Enoughness is an inside job… and sometimes you need a guide to find your way there. Let Bonnie Gillespie get you started.

[REPLAY: How to Get an Agent by Bonnie Gillespie]

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  1. Laura Buckles April 13, 2020 at 11:54 pm

    I found out my theatrical agency was closing just before the interesting times began. I was calm because I had a game plan and next but. But. Now. I feel like I have to start over.

    1. Bonnie Gillespie April 14, 2020 at 12:16 am

      Okay, so here’s the fun part (and a part of your brain fully knows this): You’re not STARTING OVER. You have a list. You’ve done research. You had a gameplan and it was solid. MOST of that gameplan is STILL solid. It just needs a wee bit of recalibrating. You’re still on the right road and headed toward the right destination; you just found out there’s a detour… and a lot of options for still getting to the same place. 🙂

      We can huddle on this if you want some specific advice, but I’m fairly certain you know exactly how to tackle this from a producer-brain space. “Lost a location? Cool. Where’s my list of all the other locations we could’ve gone with?” 😉 You’ve got this, babe!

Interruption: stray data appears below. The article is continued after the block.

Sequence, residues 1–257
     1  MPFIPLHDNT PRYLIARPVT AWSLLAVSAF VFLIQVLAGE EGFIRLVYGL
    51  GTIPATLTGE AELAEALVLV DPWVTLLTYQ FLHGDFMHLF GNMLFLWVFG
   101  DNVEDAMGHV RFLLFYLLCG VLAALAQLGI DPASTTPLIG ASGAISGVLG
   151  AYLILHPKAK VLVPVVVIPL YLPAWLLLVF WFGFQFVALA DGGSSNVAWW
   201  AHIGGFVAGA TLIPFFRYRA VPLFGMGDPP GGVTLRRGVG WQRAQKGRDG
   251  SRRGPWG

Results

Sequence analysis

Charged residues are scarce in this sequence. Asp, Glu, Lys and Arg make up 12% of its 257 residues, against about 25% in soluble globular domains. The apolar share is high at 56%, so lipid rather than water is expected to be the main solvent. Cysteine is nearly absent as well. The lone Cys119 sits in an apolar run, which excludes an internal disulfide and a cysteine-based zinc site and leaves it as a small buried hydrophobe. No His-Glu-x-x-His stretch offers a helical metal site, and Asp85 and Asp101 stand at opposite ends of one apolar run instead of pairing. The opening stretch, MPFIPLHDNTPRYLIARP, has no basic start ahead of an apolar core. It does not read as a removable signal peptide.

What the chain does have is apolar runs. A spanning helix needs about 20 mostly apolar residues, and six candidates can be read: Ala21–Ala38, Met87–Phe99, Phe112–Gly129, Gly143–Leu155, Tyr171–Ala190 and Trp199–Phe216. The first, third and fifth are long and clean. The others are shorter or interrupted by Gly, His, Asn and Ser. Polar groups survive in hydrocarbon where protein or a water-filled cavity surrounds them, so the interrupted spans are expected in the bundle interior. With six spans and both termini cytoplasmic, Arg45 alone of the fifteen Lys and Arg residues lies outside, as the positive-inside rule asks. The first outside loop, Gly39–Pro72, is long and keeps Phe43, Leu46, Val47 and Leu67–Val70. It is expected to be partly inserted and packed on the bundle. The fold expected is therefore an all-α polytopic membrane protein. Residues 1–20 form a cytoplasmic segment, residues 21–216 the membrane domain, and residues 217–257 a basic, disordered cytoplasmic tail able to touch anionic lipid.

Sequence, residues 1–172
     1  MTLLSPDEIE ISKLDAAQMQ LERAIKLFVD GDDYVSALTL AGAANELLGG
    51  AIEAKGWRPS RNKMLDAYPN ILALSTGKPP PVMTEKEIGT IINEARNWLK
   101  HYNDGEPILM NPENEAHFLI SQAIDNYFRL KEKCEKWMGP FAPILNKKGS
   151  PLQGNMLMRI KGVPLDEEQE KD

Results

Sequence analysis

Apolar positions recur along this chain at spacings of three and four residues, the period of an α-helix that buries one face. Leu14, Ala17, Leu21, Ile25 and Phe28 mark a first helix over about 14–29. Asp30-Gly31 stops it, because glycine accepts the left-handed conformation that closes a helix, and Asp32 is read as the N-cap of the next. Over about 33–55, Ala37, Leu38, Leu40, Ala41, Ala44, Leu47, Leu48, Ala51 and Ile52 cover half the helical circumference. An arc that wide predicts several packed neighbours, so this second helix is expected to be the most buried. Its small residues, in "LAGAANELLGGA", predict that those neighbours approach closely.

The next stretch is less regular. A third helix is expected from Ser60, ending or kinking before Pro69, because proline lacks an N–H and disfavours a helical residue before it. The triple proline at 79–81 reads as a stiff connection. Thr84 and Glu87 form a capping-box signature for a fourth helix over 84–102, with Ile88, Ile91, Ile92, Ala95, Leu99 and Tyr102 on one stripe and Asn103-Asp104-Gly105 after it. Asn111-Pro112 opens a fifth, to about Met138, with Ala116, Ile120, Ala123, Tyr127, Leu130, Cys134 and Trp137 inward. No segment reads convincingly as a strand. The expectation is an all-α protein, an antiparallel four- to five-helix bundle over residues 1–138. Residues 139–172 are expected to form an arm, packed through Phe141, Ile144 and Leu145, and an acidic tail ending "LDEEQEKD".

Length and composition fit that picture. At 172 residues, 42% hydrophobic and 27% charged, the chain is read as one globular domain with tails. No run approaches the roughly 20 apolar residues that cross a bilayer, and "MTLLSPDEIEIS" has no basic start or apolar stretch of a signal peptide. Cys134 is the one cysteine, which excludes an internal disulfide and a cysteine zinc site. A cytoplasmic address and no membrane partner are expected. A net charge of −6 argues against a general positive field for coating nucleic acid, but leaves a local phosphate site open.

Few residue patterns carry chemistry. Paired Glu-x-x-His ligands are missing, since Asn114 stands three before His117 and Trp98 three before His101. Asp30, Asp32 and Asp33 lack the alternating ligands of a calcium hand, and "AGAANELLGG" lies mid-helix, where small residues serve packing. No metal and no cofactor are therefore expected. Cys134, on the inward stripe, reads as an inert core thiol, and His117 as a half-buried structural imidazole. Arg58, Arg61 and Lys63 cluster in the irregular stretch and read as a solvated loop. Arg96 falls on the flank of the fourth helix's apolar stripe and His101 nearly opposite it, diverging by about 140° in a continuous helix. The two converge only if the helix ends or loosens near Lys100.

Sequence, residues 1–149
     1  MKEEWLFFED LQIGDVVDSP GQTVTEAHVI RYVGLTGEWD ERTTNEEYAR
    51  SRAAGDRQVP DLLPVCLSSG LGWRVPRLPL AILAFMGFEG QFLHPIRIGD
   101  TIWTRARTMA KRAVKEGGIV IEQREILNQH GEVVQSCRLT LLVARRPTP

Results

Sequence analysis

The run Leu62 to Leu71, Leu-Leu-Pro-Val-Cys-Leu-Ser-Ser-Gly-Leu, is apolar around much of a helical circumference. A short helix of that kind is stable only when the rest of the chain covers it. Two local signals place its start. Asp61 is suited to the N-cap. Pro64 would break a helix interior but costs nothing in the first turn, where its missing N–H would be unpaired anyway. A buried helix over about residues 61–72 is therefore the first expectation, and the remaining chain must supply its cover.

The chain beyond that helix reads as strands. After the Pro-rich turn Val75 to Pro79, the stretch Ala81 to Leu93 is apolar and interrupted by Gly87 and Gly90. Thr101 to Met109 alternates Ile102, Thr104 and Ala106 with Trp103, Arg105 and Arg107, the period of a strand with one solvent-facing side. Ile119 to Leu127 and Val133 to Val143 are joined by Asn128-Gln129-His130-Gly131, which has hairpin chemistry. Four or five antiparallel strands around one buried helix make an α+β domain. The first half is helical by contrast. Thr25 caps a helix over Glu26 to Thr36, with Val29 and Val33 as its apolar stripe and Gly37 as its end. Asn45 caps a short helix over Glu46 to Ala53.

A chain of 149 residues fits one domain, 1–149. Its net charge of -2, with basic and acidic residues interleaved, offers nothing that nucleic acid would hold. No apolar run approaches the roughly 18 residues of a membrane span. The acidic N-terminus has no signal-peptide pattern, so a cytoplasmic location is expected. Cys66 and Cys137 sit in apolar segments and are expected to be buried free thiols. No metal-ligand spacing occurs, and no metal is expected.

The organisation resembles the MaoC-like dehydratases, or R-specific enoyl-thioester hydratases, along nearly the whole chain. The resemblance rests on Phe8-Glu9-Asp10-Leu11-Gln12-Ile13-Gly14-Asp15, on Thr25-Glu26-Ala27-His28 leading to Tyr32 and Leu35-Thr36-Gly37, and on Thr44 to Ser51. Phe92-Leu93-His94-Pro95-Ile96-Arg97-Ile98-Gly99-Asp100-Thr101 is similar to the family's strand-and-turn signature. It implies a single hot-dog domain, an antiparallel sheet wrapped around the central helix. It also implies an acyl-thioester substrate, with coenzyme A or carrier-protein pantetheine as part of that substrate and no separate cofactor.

2. Kelsey McMahon May 11, 2020 at 2:40 am

    This article was totally what I needed to hear, thank you. I just moved to Los Angeles in November, so I’m stuck with no representation, two background acting vouchers, and an IMDB profile with a few ULB indie credits. I trained at Juilliard, but it’s been a few years since I graduated, so I don’t have ‘the glow,’ if that makes sense. I’ve gotta admit though, when I first graduated, I wasn’t ready for the next level. The years I took to be with my family, and grow up a little gave me the grounded-ness that I was missing. I feel like my situation is an odd one to be in, and it’s hard for me to know where to start. But at least I know I’m ready now. I’ve been submitting to any self-tape open call I can find. I’ve been listening to many great interviews with various casting directors. I’ve been asking google a lot of questions it doesn’t have the answer to, which led me to this wonderful article. So much of me wants to find ways to reach out to agencies, and your article has given me perspective on how to do that the right way. Cause you’re right, people are losing their jobs right now, or people might want to focus on being with their family. I can certainly understand taking this time to step away and connect with loved ones. Thanks again, and happy belated mother’s day!

    1. Ninja Erin May 12, 2020 at 10:42 am

      Glad this was helpful, Kelsey! ❤